“We must stop overdose deaths and hold drug dealers accountable,” said Bird. “There is no safe illegal drug. This bill will toughen sentences, equip prosecutors for the war against dangerous drugs, and reduce drug-related deaths. I’m grateful the Governor and state legislature are committed to addressing this issue.”

470 Iowans died due to overdose in 2021, and the threat of exposure to fatal drugs, such as fentanyl, is ongoing. This bill seeks to address the rise in deaths by drug overdoses and to hold illegal-drug dealers and users accountable. It also incentivizes the reporting of drug-related overdoses. For repeat drug offenders, the 25-year sentence has a 70% minimum requirement.

The bill passed through subcommittees in both the House and the Senate, Wednesday. It now moves to consideration by the House and Senate Judiciary Committees.  You can read the bill in full here.

Iowa marks its first statewide Day of Kindness


January 27th, 2023 by Ric Hanson

(Radio Iowa)- It’s taking the concept of “Iowa Nice” to the next level, as today (Friday) is the first-ever statewide Day of Kindness. The effort started a few years ago as an offshoot of a project at the West Des Moines Chamber of Commerce, and this year, Governor Reynolds signed a proclamation to make it an official day in Iowa. Kara Matheson, at the West Des Moines Chamber, says if everyone starts small it could have huge results. “Just be intentional. Everyone’s lives are so busy but kindness can go a long way,” Matheson says. “It doesn’t need to be this big, grand gesture. Just write a kind thought on a sticky note and leave it on someone’s car window, maybe sending a quick text. There are so many different ways that you can think of to be kind.”

Matheson says even small acts of kindness can make the biggest difference in someone’s day.  “Maybe help with the snow in your neighbor’s driveway,” Matheson says. “Everyone’s very familiar with the ‘pay it forward’ in your line for coffee in the morning, but maybe go to a local school and pay off some of the kids’ lunch tabs. You can get creative with what this looks like.” Whether big or small, monetary or action-oriented, anonymous or direct, Iowans are encouraged to be intentional with acts of kindness today to make (hashtag) #IowaKind spread far and wide.

“It can be random with anyone you might come across, or it can be picking up the phone and calling a loved one just to check in on them and make sure they’re doing okay,” Matheson says. “Just think about what would make someone smile and take action on that.” She says studies show kindness benefits not only the receiver, but also the giver.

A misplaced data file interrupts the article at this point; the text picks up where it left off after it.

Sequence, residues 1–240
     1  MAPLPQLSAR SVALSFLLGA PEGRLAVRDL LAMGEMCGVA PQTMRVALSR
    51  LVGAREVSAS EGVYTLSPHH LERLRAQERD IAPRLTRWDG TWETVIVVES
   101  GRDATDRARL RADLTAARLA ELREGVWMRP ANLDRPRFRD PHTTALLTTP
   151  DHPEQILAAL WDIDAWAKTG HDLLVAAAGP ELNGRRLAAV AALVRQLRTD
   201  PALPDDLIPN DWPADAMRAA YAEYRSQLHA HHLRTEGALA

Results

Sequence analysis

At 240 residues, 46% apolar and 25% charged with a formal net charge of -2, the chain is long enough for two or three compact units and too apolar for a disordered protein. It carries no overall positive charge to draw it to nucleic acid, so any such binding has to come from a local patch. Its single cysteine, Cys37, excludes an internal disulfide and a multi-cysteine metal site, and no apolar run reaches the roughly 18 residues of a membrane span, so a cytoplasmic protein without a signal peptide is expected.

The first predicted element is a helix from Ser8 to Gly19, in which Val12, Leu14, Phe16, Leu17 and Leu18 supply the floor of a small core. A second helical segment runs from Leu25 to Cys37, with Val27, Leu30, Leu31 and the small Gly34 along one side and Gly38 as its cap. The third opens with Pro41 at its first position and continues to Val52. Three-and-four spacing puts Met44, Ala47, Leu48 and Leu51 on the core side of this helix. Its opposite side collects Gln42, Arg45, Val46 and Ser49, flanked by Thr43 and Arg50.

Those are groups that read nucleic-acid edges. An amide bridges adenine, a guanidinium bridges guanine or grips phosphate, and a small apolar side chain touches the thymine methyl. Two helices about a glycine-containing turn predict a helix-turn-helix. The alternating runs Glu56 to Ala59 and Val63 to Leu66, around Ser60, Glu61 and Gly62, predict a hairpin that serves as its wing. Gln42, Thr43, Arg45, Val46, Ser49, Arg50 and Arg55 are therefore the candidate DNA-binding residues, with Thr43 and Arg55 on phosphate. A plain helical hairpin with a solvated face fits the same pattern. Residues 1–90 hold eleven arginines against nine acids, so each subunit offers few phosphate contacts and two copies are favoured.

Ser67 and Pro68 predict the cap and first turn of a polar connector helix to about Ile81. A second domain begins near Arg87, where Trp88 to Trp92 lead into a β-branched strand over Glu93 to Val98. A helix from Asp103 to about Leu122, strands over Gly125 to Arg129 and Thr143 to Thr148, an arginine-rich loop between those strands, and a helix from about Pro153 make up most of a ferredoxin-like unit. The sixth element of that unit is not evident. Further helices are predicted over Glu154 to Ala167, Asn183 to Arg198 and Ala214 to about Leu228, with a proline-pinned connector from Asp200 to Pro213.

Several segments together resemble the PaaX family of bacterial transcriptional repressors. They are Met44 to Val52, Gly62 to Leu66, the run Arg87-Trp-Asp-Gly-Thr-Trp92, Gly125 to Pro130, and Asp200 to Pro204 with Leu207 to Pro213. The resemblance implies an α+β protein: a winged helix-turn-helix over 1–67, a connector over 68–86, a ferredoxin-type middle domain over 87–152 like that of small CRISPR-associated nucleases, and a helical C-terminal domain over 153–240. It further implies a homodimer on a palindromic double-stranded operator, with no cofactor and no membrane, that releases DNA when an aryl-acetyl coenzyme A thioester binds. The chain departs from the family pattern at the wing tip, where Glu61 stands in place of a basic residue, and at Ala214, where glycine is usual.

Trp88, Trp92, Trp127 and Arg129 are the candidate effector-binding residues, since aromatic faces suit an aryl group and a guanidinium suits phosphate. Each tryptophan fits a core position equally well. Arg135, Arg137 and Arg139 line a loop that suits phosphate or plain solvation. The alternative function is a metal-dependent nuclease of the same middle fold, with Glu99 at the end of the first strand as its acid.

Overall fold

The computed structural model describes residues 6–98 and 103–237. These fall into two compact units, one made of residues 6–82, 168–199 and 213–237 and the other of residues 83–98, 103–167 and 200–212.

Moore on Issues: Week 3


January 27th, 2023 by Ric Hanson

(Des Moines, Iowa) – Southwest Iowa Republican Representative Tom Moore, of Griswold, reports, week three of the Iowa General Assembly, kept him busy with Committee meetings, sub-committee meetings and floor action on bills, as they begin the process of moving through debate. Moore, who represents House District 21, covering Adams, Union, parts of Cass and Pottawattamie Counties, says during the Health and Human Services Committee meeting Tuesday, his bill, HF13 passed unanimously with an amendment.

Moore said also, House Bill 9, which revises the mental health loan forgiveness program established last year, to add prescribing practitioners, and provides preference to Iowans and those willing to serve in a mental health shortage area, passed in the HHS Committee. It appropriates $1.5-million in the 2024 Fiscal Year.

The Education Committee, Moore said, also met Tuesday afternoon. A bill, HF11 passed with an amendment.

Two other bills in the committee also passed, but Moore says he voted against both. One requires within social studies requirements, United States Government, which includes a comparative discussion of political ideologies, including communism and totalitarianism, that Moore says “conflict with the principles of freedom and democracy that were essential to the founding of the United States.” Moore says he voted no because he is against increased mandates on schools.

(R) Rep. Tom Moore

The other bill he voted against, but still passed, deals with open enrollment transportation. It would allow school buses from the receiving district to enter in the district of residence, without both districts having to agree.

In the Economic Growth and Technology Committee, Representative Tom Moore says they passed bills defining ransomware, and creates penalties for the crime when used against certain entities. Another bill establishes a cybersecurity training center at ISU, that will conduct and sponsor research and activities that enable persons to develop strategies to count cybersecurity threats and mitigate the damage resulting from an attack.

Moore invites constituents with questions or comments, to reach out to him at  tom.moore@legis.iowa.gov

You can also call 712-789-9954. You can subscribe to Moore’s newsletter through those options.

Number of casino riverboats will drop to 2


January 27th, 2023 by Ric Hanson

(Radio Iowa) – The number of Iowa casinos that float on a boat will soon be sinking. Iowa Racing and Gaming Administrator, Brian Ohorilko, says plans were approved Thursday for the Casino Queen operation in Marquette to move to land. “So they’re proposing to invest 12 million dollars into a land based facility that would connect with their current barge area. They would add a sports book, a new restaurant,” he says.

The first gambling in the state was at horse and dog tracks, and then the Iowa Legislature approved casinos on riverboats in 1989. The regulations changed quit a bit through the years and the trend now has been for casinos to move to land. “With casino Queen moving gaming to their to a land-based area that will lead just Lakeside and Ameristar Casino (Council Bluffs) as the two remaining gaming licenses that still have casino gambling on on a boat,” he says.

Casinos in Davenport and Sioux City are some of the others to move the move to solid ground. Ohorilkoh says they have seen an immediate improvement in gaming revenue and attendance in operations that move from a boat to a land.  “The reasons for that are very simple — in that it typically on a land base facility –, there is more space to offer, not only additional gaming, but most importantly, additional non gaming amenities,” Ohorilko says.